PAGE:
English hospitals can improve their performance

NHS hospitals have substantial scope to improve their efficiency by adopting best practice, according to research published today by Professor Andrew Street and colleagues at the Centre for Health Economics (CHE) at the University of York.

With the NHS facing severe funding constraints, it has been suggested that the greatest potential savings may come from increasing efficiencies and by reducing variations in clinical practices. When comparing hospitals, variations in practice of any form are often cited as evidence of inefficiency or poor performance and that the overall efficiency of the health system would improve if all hospitals were able to meet the standards of the best.

The CHE researchers assessed whether or not the higher cost or length of stay is due to the type of patients that hospitals treat.

For ten conditions, the researchers examined the cost and length of stay for every patient admitted to English hospitals during 2007/8. They looked at three medical conditions (; childbirth; stroke) and seven surgical treatments (appendectomy; breast cancer (mastectomy); ; cholecystectomy; inguinal hernia repair; hip replacement; and knee replacement).

Even after taking account of age, and other characteristics, patients in some hospitals still had substantially higher costs or longer length of stay than others. This pattern was evident in all ten clinical areas. Furthermore, these variations could not be explained by hospital characteristics such as size, teaching status, and how specialised the hospital was.

Andrew Street commented: “Our findings demonstrate that most hospitals have scope to make efficiency savings in at least one of the clinical areas considered by this study. Inexplicable higher costs or lengths of stay suggest room for improvement. Unless hospitals improve their use of resources, they could struggle financially.”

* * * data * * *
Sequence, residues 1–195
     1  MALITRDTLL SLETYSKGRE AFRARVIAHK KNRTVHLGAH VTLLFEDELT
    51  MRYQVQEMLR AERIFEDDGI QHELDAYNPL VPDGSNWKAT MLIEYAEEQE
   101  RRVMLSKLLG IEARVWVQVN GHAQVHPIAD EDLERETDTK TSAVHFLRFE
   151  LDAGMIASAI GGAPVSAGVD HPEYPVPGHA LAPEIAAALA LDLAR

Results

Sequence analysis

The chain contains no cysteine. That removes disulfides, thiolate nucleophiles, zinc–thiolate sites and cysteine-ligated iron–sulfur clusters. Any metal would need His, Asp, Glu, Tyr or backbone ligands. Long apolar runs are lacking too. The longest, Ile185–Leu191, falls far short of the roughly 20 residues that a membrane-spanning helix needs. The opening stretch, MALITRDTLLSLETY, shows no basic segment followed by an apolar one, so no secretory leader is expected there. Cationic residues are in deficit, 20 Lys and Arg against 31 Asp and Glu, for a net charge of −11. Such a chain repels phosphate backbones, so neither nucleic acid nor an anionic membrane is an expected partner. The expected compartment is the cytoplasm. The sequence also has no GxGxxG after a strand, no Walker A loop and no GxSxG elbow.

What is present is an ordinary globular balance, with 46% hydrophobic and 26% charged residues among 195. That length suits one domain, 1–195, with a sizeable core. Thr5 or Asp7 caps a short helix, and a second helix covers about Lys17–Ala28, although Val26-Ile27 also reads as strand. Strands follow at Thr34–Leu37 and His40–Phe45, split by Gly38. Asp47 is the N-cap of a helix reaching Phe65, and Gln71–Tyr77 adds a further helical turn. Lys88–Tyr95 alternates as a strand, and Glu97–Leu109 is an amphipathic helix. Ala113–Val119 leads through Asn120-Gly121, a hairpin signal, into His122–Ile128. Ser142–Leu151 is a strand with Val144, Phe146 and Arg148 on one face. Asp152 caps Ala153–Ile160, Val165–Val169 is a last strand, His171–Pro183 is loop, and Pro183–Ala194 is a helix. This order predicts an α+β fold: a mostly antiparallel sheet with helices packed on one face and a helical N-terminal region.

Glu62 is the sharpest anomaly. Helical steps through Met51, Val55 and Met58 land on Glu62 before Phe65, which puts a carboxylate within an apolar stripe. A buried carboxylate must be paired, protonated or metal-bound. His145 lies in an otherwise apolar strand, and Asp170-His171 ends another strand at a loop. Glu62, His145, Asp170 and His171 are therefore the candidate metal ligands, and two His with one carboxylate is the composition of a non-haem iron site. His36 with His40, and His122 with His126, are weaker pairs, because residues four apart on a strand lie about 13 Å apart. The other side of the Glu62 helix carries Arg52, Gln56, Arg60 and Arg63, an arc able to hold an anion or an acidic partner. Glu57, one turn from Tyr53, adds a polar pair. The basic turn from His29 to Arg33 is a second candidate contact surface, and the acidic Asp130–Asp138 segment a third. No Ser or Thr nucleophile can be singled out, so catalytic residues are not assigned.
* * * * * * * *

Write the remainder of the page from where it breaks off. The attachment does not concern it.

More information: Centre for Health Economics. English hospitals can improve their use of resources: analysis of costs and length of stay for ten treatments. CHE Research Paper 78, York: University of York.  Available at: www.york.ac.uk/che/publications/in-house/

Related Stories

Quality coronary bypass care can improve lives and cut costs

date Jul 29, 2010

A new analysis led by researchers at UCSF shows that avoiding lowest-volume hospitals and maximizing adherence to quality care processes are both effective approaches to reducing costs associated with coronary bypass surgery.

Prostate cancer surgery better at teaching hospitals

date Nov 07, 2011

Prostate cancer patients who undergo radical prostatectomy get better results at teaching hospitals than at non-academic medical institutions, according to the findings of an international study led by researchers at Henry ...

Recommended for you

Key to better sex ed: Focus on gender & power

date Apr 17, 2015

A new analysis by Population Council researcher Nicole Haberland provides powerful evidence that sexuality and HIV education programs addressing gender and power in intimate relationships are far more likely ...

Journal tackles aging policy issues raised by White House

date Apr 17, 2015

In anticipation of the forthcoming 2015 White House Conference on Aging (WHCoA), The Gerontological Society of America (GSA) has produced a special issue of The Gerontologist that outlines a vision for older adults' econom ...

User comments

Please sign in to add a comment. Registration is free, and takes less than a minute. Read more

Click here to reset your password.
Sign in to get notified via email when new comments are made.